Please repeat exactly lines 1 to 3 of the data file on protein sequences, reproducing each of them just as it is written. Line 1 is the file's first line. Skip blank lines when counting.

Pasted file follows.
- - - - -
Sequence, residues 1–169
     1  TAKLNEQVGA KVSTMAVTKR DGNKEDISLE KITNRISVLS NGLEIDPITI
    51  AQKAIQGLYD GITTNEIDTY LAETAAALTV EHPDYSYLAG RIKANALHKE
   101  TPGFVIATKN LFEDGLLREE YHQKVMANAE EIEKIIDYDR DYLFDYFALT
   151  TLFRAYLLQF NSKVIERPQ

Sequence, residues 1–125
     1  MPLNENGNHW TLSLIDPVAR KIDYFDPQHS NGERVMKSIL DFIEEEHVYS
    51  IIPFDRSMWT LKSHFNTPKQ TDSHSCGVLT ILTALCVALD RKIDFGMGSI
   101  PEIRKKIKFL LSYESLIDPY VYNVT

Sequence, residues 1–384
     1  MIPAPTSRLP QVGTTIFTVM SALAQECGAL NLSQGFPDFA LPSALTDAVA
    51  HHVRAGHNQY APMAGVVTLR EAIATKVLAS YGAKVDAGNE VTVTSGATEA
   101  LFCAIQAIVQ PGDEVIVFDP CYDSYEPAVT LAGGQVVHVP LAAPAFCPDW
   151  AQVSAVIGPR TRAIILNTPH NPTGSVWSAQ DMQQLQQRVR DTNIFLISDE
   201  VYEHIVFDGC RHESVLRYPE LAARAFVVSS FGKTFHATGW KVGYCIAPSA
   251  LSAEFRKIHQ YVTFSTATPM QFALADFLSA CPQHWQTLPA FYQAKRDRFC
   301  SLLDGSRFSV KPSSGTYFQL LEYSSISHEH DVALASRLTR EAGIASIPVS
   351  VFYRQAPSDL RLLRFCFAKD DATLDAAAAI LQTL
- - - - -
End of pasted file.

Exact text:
Sequence, residues 1–169
     1  TAKLNEQVGA KVSTMAVTKR DGNKEDISLE KITNRISVLS NGLEIDPITI
    51  AQKAIQGLYD GITTNEIDTY LAETAAALTV EHPDYSYLAG RIKANALHKE